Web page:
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The Booker column

Posted by Richard Sunday, September 12, 2004

Booker is back to running four stories in this week’s column, one on the bizarre "reign of terror" being waged against South Cambridgeshire district councils by the mullahs of the Standards Board of England. Amongst the latest diktats is that elected members have recently been told by their "monitoring officer"that they may be disqualified from discussing the siting of a mobile phone mast if they themselves use a mobile phone.

Booker also picks up on the story we ran in this Blog on this week’s debate on the Community Fisheries Protection Agency. We are really pleased to see this egregious failure of the scrutiny process reported in this way as it has had precious little comment from anywhere else.

In his fourth story, Booker takes a swipe at the mad metric mullahs in the BBC and The Times, who insist on using this alien system of measurements in the most inappropriate way, but the substantive story – for this Blog, at any rate – is his third story, headed "The not-so-great debate", something which we too have looked at in the Blog, here, here, and here.

Booker remarks that one might not have guessed last week that one of the most important political debates of our lifetimes was finally creaking into gear, with the publication of documents by the Government and the Tory party on the proposed EU constitution.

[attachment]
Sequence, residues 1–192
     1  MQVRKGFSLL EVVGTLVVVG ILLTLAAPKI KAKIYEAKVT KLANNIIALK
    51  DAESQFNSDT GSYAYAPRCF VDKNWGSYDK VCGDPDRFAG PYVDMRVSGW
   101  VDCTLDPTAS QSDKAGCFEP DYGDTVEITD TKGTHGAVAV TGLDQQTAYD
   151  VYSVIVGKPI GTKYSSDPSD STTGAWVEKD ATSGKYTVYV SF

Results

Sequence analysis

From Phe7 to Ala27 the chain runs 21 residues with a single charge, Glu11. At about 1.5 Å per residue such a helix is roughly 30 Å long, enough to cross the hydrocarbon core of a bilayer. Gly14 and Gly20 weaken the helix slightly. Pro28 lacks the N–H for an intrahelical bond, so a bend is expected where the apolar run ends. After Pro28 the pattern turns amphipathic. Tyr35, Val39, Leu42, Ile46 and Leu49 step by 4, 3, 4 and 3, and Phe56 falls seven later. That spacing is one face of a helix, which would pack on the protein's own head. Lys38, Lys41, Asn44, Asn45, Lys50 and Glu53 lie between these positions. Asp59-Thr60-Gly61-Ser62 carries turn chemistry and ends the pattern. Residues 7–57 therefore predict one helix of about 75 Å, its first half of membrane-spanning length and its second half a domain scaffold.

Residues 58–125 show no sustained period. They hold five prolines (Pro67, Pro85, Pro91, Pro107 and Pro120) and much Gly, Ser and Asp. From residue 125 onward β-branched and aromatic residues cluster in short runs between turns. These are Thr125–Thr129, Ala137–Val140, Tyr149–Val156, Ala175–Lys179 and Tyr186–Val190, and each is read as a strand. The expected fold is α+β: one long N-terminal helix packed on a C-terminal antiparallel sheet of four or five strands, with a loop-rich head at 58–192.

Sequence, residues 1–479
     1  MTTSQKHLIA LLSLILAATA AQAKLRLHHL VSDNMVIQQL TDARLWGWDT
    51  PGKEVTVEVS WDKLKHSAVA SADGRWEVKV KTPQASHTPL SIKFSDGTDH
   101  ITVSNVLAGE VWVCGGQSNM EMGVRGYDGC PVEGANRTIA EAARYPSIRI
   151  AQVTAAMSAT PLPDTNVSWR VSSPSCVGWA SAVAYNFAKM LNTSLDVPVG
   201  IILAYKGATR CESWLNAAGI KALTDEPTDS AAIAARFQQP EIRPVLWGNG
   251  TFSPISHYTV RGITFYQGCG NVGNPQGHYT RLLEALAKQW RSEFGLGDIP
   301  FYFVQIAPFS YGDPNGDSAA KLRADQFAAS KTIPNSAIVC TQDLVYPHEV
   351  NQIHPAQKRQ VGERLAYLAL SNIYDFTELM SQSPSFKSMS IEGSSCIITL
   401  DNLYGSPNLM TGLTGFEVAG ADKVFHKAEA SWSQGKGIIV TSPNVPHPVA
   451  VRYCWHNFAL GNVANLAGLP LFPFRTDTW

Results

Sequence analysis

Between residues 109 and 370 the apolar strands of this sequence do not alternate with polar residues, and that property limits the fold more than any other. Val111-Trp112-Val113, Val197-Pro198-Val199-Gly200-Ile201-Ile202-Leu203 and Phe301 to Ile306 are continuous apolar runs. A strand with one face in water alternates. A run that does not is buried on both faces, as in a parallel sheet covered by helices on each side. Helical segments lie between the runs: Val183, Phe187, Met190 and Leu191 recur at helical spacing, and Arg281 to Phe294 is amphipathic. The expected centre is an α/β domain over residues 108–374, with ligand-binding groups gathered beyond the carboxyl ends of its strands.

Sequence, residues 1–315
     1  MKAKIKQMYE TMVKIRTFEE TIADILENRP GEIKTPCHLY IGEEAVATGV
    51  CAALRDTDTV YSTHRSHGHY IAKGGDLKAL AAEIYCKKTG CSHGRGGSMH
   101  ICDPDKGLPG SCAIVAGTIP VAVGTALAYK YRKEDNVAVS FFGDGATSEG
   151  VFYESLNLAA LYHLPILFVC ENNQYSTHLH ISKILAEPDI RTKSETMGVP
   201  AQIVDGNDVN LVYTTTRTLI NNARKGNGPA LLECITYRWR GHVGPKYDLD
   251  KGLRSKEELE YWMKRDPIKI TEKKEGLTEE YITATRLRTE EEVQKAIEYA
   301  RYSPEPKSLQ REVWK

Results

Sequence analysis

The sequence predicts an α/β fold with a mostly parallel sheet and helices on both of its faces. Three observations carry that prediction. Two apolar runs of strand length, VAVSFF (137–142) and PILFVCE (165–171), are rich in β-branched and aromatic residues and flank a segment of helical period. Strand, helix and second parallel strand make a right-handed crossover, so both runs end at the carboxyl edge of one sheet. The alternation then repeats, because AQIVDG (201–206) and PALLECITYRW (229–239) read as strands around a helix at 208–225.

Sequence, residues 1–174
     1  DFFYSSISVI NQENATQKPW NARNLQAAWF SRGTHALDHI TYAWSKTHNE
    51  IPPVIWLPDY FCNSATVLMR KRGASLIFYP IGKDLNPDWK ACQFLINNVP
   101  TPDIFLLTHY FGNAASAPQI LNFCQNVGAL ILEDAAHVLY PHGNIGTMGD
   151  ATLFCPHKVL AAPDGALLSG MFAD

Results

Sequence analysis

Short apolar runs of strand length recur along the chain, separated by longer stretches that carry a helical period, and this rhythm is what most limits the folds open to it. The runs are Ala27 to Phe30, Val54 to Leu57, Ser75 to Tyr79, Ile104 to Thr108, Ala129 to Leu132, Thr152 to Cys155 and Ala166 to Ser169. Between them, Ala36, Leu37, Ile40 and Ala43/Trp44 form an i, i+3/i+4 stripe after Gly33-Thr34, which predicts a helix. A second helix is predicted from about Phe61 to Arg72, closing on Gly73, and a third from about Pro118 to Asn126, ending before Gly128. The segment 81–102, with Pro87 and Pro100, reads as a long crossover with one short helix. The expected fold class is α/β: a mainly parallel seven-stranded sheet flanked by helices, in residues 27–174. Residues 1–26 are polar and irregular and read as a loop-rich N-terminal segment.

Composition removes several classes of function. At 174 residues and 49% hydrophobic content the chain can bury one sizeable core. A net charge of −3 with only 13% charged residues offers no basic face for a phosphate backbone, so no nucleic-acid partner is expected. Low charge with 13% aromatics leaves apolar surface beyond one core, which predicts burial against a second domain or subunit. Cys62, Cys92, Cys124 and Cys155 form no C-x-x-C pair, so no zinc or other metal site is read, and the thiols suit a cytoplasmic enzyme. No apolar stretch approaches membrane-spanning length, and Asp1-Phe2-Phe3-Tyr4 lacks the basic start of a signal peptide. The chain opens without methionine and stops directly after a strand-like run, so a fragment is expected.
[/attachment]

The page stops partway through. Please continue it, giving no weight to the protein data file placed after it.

The problem for the Tories, he adds, is that in opposing the nonsense put out by the government is that, because they are all in favour of staying in the EU, they must pretend that it is only the new constitution that makes it unacceptable. But the more trenchantly they attack the constitution, the more they draw attention to the fact that it is only an extension of what we have already. They will thus have to fight the campaign with one hand tied behind their backs.

"If we are really to have a serious national debate on a referendum unlikely to take place until 2006", he concludes, these vacuous opening shots are not a very promising starting point.

What is perhaps more distressing is that, even amongst the Eurosceptic fraternity – on the bulletin boards and discussion groups – there is very little debate either. All too easily, these people seem to be distracted by any number of issues, none of them to do with the issue at hand – how we are going to win the referendum.

And with the self-appointed "Vote No" campaign also doing such a dismal job, we could find ourselves unprepared when the campaign starts to pick up. We need more in the locker that the "vacuous opening shots" that Booker so rightly dismisses.